“Yule Ball” attracts roughly 150 people each year. A majority of attendees are from outside the Muggle Mayhem family and come to have a good time while fundraising for a good cause. YOSEF SERKEZ


December 6, 2017

Page 4

Initiatives Rutgers saved $69,571,964 in operational costs over 7 years due to reduced carbon emissions continued from front

— noting that sustainability has been a priority of the assembly for many years. “It’s 100 percent feasible for us to move toward 100 percent renewable energy sources, and we’ve been steadily reducing our nonrenewable energy sources since 2009,” Chulak said. In addition to the resolution, the assembly also published a report outlining energy usage at Rutgers. Between 2009 and 2016, Rutgers—New Brunswick campus reduced its carbon footprint by an estimated 444,509 metric tons of carbon dioxide equivalent (MTCO2e) — saving approximately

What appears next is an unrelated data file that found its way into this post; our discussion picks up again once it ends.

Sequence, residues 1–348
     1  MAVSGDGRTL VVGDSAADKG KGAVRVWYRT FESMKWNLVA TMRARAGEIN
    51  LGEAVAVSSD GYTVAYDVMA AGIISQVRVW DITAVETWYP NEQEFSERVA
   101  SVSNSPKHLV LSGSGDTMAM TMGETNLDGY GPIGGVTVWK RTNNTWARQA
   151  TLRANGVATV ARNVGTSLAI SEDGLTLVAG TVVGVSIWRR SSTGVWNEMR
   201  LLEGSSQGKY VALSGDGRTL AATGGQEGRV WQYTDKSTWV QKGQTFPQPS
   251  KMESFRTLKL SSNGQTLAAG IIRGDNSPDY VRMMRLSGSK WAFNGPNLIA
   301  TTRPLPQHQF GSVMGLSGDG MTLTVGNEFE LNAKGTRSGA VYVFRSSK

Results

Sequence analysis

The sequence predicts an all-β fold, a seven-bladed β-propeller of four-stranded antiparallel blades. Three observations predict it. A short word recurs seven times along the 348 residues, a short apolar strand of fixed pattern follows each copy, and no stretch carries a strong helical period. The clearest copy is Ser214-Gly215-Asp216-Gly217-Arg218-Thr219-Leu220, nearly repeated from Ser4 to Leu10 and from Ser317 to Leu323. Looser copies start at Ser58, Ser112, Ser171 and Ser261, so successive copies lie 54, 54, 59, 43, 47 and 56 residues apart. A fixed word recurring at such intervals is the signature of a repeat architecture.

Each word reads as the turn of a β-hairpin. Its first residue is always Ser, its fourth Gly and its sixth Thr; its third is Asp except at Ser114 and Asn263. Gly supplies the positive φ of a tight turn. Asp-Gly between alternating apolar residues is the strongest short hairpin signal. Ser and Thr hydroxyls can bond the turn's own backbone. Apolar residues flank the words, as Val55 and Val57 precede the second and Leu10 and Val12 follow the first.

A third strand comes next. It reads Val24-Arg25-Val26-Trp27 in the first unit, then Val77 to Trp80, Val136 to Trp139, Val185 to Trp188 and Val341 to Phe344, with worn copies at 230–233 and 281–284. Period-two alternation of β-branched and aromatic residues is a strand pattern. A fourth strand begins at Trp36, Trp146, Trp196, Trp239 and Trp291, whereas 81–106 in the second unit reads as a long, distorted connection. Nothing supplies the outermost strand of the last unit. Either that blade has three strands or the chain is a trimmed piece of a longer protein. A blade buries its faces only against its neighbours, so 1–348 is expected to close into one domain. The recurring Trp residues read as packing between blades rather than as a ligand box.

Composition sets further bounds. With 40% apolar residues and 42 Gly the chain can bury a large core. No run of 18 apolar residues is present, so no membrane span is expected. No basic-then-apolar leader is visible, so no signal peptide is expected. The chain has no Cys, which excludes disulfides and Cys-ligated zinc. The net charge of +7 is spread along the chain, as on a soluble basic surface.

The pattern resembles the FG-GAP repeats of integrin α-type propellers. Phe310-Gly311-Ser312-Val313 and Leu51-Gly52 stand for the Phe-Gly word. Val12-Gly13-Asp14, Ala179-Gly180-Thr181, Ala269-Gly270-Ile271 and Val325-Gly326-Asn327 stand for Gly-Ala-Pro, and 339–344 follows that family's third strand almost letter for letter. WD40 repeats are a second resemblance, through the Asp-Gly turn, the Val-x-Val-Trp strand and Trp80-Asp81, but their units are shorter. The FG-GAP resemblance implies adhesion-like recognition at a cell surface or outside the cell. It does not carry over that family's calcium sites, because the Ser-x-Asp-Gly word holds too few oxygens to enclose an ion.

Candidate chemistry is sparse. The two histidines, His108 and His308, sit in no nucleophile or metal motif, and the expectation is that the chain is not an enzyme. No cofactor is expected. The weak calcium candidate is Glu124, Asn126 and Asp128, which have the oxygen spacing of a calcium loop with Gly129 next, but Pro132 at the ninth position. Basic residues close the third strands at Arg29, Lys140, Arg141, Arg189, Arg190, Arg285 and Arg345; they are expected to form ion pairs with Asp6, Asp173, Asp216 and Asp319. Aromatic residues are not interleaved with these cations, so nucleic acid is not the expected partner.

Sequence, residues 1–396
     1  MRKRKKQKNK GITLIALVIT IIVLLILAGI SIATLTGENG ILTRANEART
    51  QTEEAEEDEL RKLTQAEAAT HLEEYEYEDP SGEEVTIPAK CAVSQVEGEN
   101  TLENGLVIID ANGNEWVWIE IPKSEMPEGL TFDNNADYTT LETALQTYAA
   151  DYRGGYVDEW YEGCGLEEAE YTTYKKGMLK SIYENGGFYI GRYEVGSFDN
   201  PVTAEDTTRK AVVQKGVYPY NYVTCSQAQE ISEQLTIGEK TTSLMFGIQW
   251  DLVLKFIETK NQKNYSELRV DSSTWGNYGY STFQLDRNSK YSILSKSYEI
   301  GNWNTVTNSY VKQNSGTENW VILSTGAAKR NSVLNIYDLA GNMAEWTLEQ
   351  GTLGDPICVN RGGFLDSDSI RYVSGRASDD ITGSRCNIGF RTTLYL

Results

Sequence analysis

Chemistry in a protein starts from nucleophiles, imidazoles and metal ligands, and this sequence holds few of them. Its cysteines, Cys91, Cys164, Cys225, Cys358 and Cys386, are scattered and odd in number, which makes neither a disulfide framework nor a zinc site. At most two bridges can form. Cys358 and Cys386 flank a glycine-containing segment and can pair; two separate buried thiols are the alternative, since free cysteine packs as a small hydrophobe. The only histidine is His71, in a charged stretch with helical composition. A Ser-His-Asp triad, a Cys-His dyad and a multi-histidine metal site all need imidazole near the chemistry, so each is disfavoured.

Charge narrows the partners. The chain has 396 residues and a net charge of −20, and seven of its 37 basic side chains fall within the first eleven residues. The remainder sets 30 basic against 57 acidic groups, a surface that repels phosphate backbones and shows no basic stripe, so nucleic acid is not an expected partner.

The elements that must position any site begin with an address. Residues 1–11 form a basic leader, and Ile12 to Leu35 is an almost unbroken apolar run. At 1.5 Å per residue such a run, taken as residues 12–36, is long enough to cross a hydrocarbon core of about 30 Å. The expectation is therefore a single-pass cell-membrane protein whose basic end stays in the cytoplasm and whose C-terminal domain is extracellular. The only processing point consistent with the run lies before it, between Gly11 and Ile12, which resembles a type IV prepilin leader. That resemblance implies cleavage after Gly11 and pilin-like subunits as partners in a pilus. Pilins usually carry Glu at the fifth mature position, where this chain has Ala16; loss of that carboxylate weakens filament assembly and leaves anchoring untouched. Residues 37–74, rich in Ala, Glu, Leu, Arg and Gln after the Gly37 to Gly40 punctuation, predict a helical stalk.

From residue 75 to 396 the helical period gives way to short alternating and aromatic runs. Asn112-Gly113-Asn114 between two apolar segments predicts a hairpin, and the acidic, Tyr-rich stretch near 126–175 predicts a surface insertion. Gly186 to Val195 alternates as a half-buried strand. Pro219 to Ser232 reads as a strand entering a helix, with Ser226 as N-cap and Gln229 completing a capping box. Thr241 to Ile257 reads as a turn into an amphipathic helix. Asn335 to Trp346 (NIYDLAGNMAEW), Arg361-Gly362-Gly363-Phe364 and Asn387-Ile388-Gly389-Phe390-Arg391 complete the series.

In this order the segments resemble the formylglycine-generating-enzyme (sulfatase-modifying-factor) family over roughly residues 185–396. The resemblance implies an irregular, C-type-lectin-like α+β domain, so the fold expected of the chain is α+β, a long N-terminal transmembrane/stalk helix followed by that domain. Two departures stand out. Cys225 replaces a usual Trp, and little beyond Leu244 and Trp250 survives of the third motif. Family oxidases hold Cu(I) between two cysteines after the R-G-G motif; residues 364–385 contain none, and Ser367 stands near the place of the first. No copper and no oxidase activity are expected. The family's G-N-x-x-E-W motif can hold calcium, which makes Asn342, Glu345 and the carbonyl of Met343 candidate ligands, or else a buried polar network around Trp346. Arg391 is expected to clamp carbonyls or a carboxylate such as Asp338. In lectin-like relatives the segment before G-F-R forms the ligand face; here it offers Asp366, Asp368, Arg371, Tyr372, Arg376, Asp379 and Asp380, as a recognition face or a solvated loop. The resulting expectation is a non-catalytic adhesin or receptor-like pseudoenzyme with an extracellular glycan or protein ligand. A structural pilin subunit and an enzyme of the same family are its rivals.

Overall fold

$69,571,964 in operational expenses, according to the RUSA repor t. Deshpande noted these victories during the presentation, including the plans implemented on the Busch and Livingston campuses, which have helped to reduce overall carbon dioxide levels. The University still has a long way to go in terms of achieving higher levels of energy conservation, he said. “While these are steps in the right direction,” he said. “Some ideas that we’ve had ... are to implement things such as different satellite panels across buildings, and start working towards being even more conservative when it comes to energy.”